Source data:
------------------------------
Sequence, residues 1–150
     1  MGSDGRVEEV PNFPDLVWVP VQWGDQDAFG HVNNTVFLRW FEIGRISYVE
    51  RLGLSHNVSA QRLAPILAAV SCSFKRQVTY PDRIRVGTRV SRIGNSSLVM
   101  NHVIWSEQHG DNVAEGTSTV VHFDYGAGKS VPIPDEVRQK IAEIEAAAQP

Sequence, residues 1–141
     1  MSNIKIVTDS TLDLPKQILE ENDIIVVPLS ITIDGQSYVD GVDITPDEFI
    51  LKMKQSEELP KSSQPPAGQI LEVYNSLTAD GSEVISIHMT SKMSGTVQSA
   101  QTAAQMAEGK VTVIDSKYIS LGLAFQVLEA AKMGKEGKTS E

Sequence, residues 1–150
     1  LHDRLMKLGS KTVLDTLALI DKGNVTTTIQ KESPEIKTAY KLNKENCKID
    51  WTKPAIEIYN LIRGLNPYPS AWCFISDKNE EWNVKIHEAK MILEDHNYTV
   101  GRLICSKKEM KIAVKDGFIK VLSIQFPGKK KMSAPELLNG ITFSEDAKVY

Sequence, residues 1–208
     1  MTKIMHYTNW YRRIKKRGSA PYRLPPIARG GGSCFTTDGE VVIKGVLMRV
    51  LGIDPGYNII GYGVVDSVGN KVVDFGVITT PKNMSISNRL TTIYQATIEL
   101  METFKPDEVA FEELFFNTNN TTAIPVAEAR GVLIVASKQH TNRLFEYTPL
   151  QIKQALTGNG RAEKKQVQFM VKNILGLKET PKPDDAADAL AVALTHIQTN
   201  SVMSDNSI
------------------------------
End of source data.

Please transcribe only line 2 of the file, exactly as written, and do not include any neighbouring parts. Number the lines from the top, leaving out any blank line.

     1  MGSDGRVEEV PNFPDLVWVP VQWGDQDAFG HVNNTVFLRW FEIGRISYVE